Bachelor Soup

“Bachelor Soup” not because I’m a bachelor, or even that I made it when I was a bachelor—I didn’t even start making this until I was married. Rather, Bachelor Soup because my husband doesn’t like soup, so I only make this when he’s away.

This is less a recipe than a rough technique that I generally follow.

  • Sweat an onion (I usually use a red or sweet yellow one) until it’s soft and cooked down and most of the moisture is driven off. If you want to give it a bit of color, go for it
  • Add a healthy heap of chopped garlic and cook for about a minute
  • Add in a dollop of grated ginger, keep cooking
  • Add any other aromatic bits here. Sometimes I fry in a bit of sundried tomato paste, sometimes not
  • Add one pound of ground chicken or turkey (I occasionally make this with ground beef, but it’s usually poultry). Sometimes when I’m making a quick version of this, I use a can of cooked chunk chicken. Cook this completely. Anything you don’t want in your soup drain out, but I rarely do this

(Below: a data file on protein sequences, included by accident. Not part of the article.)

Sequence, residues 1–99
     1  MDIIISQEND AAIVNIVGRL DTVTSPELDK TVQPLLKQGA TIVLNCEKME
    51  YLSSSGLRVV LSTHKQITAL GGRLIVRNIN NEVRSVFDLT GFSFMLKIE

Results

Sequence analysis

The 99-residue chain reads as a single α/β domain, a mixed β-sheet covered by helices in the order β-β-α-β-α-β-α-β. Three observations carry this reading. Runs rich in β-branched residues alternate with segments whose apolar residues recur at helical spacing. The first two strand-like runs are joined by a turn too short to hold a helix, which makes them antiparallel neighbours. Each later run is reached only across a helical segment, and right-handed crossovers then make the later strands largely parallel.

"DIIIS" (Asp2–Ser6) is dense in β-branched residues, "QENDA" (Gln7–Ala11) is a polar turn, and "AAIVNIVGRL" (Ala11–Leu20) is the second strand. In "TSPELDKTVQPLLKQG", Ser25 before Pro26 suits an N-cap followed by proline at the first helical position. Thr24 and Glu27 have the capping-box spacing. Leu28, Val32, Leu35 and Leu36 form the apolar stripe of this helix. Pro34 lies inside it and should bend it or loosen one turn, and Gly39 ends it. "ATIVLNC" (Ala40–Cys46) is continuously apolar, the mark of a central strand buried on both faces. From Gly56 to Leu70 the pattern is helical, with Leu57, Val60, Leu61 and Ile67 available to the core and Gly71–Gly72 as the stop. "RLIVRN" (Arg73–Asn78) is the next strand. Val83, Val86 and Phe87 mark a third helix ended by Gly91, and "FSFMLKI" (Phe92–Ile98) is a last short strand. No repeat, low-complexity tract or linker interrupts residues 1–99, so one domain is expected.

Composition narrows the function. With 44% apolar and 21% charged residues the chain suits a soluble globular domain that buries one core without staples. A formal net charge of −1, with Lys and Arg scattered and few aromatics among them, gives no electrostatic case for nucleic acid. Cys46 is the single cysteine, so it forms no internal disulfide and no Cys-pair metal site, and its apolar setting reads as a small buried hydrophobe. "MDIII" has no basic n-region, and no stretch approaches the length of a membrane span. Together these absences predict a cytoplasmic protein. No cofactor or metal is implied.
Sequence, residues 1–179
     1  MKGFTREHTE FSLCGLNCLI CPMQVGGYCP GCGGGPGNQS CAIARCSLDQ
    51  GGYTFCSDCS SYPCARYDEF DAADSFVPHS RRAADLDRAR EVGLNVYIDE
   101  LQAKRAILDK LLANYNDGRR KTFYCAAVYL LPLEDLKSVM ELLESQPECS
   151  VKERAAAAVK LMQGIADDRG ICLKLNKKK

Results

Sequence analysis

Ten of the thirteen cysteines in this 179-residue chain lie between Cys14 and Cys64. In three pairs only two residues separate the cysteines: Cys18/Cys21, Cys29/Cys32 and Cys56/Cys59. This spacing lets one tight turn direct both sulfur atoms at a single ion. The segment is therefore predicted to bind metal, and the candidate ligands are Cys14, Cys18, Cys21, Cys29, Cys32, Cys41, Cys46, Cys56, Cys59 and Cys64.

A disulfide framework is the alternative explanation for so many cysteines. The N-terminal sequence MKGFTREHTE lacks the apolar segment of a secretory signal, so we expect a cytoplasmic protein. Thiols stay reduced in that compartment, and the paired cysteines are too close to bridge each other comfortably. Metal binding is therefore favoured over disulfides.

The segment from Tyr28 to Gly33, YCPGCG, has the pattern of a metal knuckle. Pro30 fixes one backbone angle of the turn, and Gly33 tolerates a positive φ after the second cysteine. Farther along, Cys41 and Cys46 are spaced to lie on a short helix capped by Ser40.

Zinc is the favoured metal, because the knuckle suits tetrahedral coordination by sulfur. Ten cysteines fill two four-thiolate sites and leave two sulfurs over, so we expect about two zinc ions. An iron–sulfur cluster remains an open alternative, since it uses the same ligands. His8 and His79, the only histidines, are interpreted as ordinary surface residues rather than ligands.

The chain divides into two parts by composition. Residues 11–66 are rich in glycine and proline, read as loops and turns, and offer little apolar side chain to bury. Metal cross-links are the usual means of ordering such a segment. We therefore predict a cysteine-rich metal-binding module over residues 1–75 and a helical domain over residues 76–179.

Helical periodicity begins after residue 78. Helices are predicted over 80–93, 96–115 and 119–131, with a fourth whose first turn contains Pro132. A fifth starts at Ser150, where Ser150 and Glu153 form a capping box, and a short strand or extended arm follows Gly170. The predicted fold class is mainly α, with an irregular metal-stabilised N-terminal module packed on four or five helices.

• Add 3 or so chopped carrots, and 3 or so chopped celery stalks. At the very least, add in the stalks and leaves at the heart of the celery
  • Add a pound of shredded cabbage. I usually use a bag of the pre-shredded stuff, but doing it the old school way with a head of green cabbage is fine
  • Add a big heap of freshly-chopped dill
  • Cover with chicken stock
  • Throw in a parmesean rind or two
  • Salt, pepper, some chives if you have some sitting in the fridge. Aromatics are your friends here
  • Bring to a simmer, reduce heat to low, and just let it soup up until everything is cooked
  • I usually make sure I have enough stock in the soup to throw in a handful of some sort of pasta: ditalini, tubetti, or this random brand I find locally called Bechtle which bills itself as “German soup noodles” (short, fine egg noodles). Bring to low boil, cook until pasta is done
  • Throw in a handful of chopped cilantro, and the zest and juice of a lemon

I usually have with croutons, and I find the cooked parmesean rind to be a treat. As with most soups, keeps a few days and tastes better the next day.

This soup is extremely flexible, add or drop anything you want. It’s basically “how many aromatics can I shove into some chicken broth with some veggies coming along for the ride?”